A new study conducted by researchers on fossils that are currently stored in the Smithsonian National Museum of Natural History could shed light on key stages of plant evolution. During the study, researchers identified an ancient plant species, that is not like any other plant that lives on the earth now.
Evolution of plant reproduction
In the modern world, winds, rain, insects, and animals play a crucial role in plant reproduction. This new study aimed to shed light on how this reproductive system evolved over time. During the study, researchers identified over 80 reproductive structures from 30 rock fragments that were excavated from Canada.
The discovered reproductive structures contained spores, that play a pivotal role in the reproductive cycles of plants. Researchers noted that the sizes of spores were different in various structures. As experts noted a difference in the size of these spores which are almost 400 million-years-old, researchers suggested that this could be one of the best examples in the intermediate stage of plant reproductive biology.
"The overarching story in land plant reproduction is one of increased division of labor and specialization and complexity, but that has to begin somewhere – and it began with simply producing small spores and big spores. With these kinds of fossils, we can identify some ways the plants were able to do that," said Andrew Leslie, a researcher at Stanford Earth, and the lead author of the study.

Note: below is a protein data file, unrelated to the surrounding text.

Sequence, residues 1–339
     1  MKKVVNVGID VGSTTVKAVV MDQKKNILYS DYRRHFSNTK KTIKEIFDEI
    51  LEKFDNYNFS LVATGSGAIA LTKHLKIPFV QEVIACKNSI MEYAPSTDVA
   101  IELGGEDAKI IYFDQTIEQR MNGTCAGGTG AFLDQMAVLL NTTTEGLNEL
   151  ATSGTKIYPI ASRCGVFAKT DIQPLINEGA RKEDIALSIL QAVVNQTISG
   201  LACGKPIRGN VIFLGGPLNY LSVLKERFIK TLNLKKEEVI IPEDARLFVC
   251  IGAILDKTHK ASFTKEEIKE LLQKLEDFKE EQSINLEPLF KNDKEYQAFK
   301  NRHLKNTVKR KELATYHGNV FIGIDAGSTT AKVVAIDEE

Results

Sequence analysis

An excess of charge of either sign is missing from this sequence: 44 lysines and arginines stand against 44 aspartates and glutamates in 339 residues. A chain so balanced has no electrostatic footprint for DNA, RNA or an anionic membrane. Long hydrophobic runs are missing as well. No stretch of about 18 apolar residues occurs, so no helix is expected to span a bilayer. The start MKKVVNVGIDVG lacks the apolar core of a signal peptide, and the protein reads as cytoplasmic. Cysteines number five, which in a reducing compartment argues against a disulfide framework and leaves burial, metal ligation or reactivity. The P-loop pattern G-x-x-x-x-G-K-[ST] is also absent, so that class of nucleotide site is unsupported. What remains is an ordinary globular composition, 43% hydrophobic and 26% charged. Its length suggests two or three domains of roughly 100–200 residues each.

More details about these fossils
Further analysis of these fossils suggested that they belong to an extinct group of plants, scientifically named herbaceous barinophytes. Researchers also noted that these plants are closely related to clubmosses.
The plant might have lived on the earth during the Devonian period, and experts believe that this was a time where small plants on the earth expanded themselves to create big forests.
The discovery of oldest fossilized forest
It was around a few months back that researchers discovered the oldest fossilized forest in China. Researchers who discovered these remains near Xinhang claimed that these fossils are at least 419 million years old. The fossilized lycopsid trees were found in the walls of the quarries, and researchers revealed that they have grown up to 7.7 meters at their peak.